I. American Politics
PSCI 200 Liberal Democracy in America
This introductory American politics course begins with a study of the American founding, including readings from theFederalist Papers. We then study each of the major institutions of our political system: the presidency, bureaucracy, Congress, Supreme Court, political parties and elections, and other topics. The course concludes with a broad overview of the character of liberal democracy, through a reading of de Tocqueville's Democracy in America.
II. Political Philosophy
PSCI 220 History of Political Philosophy: The Classical Quest for Justice
PSCI 221 History of Political Philosophy: The Modern Quest for Justice
These courses form our introductory sequence for the field of political philosophy. The sequence is taught every year, with two sections offered each semester; each section averages twenty-five to thirty students. The classes are taught with lectures and discussions. The first semester concentrates on Plato and Aristotle. We read Platonic dialogues such as theApology, Crito, and the Republic, and Aristotle's Politics andEthics.
The second semester examines and evaluates the revolutionary challenge to classical and medieval political philosophy posed by such writers as Machiavelli in The Prince and Discourses, Hobbes in The Leviathan, Locke in theSecond Treatise, and Rousseau in the Social Contract andDiscourses. In order to compare and evaluate critically the philosophic views that have shaped our own political and psychological opinions, these classes emphasize careful reading of the texts.
III. Comparative Politics
PSCI 240 Modern Democracies
This course explores the practice of democracy in contemporary Western liberal democracies, the breakdown of democracy, and the challenges of implanting democracy in non-Western settings. This course is taught in a lecture-and-discussion format, with sections averaging twenty-five students.
IV. International Relations
PSCI 260 International Relations
This course provides an introduction to the study of international relations. It focuses on three central themes: (1) contending theories of international relations; (2) the rise of the modern international system; and (3) recent developments in the international arena.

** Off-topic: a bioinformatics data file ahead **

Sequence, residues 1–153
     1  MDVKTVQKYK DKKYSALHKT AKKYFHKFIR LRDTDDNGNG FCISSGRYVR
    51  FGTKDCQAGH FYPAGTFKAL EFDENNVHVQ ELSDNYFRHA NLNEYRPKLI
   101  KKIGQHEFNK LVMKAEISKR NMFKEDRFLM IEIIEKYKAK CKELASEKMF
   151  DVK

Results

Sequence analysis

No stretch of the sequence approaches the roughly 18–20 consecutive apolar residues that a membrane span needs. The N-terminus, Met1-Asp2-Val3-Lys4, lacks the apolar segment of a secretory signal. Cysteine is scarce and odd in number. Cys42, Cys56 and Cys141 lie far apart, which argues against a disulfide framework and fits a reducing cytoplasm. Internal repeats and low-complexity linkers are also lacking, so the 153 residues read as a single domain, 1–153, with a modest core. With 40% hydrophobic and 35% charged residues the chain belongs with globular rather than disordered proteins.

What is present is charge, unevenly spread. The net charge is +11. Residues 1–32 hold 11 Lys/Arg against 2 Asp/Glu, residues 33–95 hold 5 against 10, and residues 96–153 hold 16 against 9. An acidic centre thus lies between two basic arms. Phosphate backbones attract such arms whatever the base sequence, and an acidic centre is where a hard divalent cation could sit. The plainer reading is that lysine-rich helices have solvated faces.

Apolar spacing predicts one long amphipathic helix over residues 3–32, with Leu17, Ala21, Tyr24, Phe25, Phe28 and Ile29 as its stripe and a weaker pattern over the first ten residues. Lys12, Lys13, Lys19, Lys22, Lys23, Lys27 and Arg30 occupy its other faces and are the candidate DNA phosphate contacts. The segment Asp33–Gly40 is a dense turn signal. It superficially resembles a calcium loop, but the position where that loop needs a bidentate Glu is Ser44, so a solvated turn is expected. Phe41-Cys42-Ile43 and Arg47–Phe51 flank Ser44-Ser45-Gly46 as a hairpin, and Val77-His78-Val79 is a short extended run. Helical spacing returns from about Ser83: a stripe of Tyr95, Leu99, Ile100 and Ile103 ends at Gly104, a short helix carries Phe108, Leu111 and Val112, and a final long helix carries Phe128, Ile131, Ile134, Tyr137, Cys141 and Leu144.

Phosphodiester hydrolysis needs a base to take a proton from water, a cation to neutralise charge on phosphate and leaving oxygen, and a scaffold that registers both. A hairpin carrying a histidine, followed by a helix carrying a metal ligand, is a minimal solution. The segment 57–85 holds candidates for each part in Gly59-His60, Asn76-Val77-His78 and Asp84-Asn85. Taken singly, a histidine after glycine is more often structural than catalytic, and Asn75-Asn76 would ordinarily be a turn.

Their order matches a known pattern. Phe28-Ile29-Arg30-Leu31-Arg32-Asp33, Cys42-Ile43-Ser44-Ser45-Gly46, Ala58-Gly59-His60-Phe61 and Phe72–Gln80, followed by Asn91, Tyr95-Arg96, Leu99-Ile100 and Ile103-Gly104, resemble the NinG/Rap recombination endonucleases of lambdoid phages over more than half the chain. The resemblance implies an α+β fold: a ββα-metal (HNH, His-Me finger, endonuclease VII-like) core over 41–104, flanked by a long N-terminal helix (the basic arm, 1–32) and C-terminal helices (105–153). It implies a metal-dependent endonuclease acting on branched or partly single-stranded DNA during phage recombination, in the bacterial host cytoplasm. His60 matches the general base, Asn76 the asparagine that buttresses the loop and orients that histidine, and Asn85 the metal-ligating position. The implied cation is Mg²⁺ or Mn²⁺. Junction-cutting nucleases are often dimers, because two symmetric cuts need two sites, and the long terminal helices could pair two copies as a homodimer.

Requirements for the Major
Students majoring in political science must complete 5 units in the subject, including PSCI 220 and 221; 240; 260; and 1 unit of work in American politics. The American politics unit consists of PSCI 200 and any semester course numbered from 300 through 315. Every major must also take .5 unit of work in either comparative politics or international relations beyond the introductory courses in those subfields, and at least one political science seminar, each of which is limited to fifteen students. The introductory course in political science, PSCI 101Y-102Y (Quest for Justice), is designed for first-year students and is recommended for all students considering a major in political science. Though not required, this course does count toward the major.
There are a number of upperclass electives open to students without any prerequisites, but we encourage students seeking an exposure to political science to begin with the core courses of our curriculum: PSCI 101Y-102Y; 200; 220 and 221; 240; and 260.
The Senior Exercise in political science is a five-hour comprehensive examination scheduled for the Saturday one week before spring break. The exam is divided into two parts, in each of which students answer one two-and-one-half-hour question that cut across subfields and require integration and application of knowledge learned in various courses. In one part, the questions will focus more on political theory and, to a lesser extent, American politics. In the other, the questions will focus more on comparative, American, and international politics.
The Honors Program in political science is designed to recognize and encourage exceptional scholarship in the discipline and to allow able students to do more independent work in the subject than is otherwise permitted. Honors candidates are required to have a minimum grade point average of 3.5 or above and are admitted into the program based on an oral examination conducted by faculty members. Political science majors who are considering honors are encouraged (but not required) to enroll in PSCI 397 (Junior Honors) during their junior year.